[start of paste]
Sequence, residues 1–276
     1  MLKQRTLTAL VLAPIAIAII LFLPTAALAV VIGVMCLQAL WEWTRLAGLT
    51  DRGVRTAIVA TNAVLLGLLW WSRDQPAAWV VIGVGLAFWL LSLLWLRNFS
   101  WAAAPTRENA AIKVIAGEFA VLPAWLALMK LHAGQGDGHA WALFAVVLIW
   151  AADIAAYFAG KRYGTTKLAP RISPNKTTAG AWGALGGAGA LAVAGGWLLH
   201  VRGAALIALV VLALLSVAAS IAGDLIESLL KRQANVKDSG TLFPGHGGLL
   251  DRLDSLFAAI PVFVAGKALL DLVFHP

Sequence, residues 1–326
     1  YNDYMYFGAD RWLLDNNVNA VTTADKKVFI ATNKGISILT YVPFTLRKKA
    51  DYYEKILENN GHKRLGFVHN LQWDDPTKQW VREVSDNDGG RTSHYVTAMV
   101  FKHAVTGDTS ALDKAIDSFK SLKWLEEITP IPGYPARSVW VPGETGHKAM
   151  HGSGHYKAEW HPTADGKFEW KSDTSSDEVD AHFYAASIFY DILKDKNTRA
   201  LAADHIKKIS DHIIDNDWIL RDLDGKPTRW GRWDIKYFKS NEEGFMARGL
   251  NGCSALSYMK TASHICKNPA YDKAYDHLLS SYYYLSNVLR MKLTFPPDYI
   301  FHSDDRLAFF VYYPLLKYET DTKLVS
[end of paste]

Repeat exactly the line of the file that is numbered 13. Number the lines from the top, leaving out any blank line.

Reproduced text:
   201  LAADHIKKIS DHIIDNDWIL RDLDGKPTRW GRWDIKYFKS NEEGFMARGL